Positive Transitions to Next Year
So, while we “celebrate” the end of the year, many teachers are realizing that maybe putting more emphasis on the transition from this school year into summer and the positive approach to next year is what students are needing now.
I am going to approach this in a resiliency and change manner: “How can we celebrate the end of a successful year and transition these students into having positive thoughts about next year?”
I created a self-reflection sheet to help them to express themselves about how they are feeling, now that the end of the year is almost here. This Who I Am printable is for next year’s teacher. Primaries could identify their hobbies, things they like to do, and who their friends have been for the last couple of years. What traits did they like about them? Older kids could more easily identify the traits of kids that they consider friends and their strengths in school. That way, they can identify with kids they don’t know next year but will be able to recognize the traits of character that they look for in a friend or the common interests of hobbies.
Start Now for Next Year
I thought if maybe this was done at year-end and saved for next year’s teacher, it would help students to know that kids of like minds or similar personalities will be in their class next year. Kids would know that their new teacher would know who they are right away. Teachers would have a “getting to know you” piece right away that they could use as a way to build community in the first week of school. Not only would teachers see and get to know their new students right away but these could be used privately, made into a class book, or posted on a wall so students can read and use these to develop friendships with kids with common likes, and strengths or hobbies.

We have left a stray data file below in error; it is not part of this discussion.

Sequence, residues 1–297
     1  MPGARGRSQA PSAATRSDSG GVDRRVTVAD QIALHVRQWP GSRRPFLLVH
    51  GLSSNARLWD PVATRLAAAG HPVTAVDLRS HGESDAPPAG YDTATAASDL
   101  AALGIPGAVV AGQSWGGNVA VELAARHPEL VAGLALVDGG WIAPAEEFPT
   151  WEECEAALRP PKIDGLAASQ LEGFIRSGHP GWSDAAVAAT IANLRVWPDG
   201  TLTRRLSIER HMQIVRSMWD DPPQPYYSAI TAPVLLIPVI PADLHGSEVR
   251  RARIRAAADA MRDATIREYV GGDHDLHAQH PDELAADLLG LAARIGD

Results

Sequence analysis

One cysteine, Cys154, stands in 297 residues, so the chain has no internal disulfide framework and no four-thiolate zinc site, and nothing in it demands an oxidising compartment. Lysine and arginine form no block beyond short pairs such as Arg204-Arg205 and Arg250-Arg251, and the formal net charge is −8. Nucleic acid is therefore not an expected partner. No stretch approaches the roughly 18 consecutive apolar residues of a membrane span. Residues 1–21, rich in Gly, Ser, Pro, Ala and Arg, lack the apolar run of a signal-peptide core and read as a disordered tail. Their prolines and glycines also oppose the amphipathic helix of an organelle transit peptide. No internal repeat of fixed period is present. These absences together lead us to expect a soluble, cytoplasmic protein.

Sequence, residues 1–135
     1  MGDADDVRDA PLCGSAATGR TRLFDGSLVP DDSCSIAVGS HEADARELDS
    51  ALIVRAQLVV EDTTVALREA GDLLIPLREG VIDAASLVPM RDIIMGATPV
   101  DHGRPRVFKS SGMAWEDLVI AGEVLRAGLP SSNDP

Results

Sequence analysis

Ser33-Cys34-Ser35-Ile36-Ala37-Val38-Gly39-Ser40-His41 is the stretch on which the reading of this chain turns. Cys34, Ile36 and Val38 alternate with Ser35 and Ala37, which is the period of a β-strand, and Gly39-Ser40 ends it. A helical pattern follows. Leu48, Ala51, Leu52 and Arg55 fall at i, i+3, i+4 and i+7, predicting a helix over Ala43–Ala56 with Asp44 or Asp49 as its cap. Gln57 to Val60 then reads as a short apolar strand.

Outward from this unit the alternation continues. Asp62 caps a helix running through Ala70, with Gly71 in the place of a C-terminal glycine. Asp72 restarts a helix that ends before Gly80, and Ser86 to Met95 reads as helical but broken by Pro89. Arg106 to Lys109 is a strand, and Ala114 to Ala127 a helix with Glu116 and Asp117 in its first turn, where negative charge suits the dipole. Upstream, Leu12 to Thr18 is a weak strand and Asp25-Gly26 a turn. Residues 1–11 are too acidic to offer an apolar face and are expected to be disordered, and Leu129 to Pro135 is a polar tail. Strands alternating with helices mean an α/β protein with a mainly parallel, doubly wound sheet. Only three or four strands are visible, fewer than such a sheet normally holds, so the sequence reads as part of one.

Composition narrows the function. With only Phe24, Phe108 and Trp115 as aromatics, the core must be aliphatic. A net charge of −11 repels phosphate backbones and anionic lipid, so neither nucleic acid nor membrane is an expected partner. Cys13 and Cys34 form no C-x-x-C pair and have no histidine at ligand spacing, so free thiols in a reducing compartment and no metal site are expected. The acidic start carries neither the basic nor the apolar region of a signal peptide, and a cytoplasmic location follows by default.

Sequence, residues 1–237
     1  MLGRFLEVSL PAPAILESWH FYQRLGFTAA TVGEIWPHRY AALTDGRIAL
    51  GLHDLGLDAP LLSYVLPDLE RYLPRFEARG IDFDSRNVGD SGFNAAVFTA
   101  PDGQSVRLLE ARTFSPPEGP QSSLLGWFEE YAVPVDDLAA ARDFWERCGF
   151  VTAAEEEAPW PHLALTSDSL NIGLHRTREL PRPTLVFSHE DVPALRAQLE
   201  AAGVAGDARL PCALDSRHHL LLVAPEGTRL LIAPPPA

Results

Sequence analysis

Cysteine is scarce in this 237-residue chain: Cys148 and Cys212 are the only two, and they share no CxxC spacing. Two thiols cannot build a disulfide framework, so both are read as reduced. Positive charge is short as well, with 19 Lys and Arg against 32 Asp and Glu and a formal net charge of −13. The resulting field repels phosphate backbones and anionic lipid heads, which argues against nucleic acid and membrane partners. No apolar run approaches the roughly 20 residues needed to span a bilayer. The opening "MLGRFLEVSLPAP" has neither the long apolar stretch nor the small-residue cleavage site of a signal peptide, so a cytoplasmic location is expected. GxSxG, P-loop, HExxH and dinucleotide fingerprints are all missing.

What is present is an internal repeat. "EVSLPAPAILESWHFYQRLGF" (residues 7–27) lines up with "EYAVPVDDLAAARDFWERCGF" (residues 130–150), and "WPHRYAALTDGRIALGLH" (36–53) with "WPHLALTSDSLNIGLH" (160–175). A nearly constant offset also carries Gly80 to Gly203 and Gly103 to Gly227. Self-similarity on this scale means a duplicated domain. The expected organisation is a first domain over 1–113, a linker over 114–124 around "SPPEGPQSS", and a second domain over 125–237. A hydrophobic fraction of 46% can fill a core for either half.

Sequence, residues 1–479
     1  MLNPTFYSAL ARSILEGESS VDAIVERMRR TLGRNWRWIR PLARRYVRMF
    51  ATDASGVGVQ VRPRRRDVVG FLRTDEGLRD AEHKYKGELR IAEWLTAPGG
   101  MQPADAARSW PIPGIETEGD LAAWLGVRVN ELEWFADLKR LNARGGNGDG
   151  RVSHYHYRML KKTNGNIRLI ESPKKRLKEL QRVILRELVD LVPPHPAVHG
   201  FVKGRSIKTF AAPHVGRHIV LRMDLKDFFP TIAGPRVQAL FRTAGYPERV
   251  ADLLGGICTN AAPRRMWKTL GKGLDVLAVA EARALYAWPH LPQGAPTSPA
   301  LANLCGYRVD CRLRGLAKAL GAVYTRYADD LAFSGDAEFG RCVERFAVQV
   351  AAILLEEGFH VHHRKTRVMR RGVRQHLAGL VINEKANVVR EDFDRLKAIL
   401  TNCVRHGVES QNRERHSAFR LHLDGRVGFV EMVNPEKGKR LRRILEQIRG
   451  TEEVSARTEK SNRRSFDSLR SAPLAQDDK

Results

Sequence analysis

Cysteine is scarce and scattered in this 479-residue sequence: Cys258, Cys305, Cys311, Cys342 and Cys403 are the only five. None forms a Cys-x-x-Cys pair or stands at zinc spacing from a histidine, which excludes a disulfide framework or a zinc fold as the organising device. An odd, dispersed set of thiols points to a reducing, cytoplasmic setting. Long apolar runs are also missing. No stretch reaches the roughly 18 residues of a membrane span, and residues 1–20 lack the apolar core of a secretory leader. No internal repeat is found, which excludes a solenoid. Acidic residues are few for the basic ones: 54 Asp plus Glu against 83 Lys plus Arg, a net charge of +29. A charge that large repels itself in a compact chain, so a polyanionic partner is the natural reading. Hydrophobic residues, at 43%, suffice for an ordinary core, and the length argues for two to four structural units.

You can grab your free copy of Positive Transitions here.
For more ideas and tips about teaching mindfulness both in the classroom and on a digital platform, click here to read more.
I’m hoping that using these this year and explaining the purpose to the students, will help students feel happy for the end of the year. They may feel more in control of how THEY are able to make new friends next year. Other teachers and administrators would have to be on board in your school to make this really effective and extra copies would have to be copied for students new to the school in the Fall.
LOVE this so SO much as I learn that it's in the reflection where the REAL learning happens. Thank you for sharing the downloads.
Thanks so much Barbara! Reflection is so powerful!
Whimsy Workshop Teaching says
Fantastic ideas Shelley! I LOVE the reflective writing and self-awareness shown by your students. Great teaching!
Thanks so much Susanna!
BL Designs says
I'm noticing the same anxieties in my class. Thanks for the freebies, Shelley.
Thanks for visiting Barbara!
Addie Williams says
Oh my goodness… too cute! I love what your student wrote in their journal!
Thanks so much Addie! That was my favourite part too!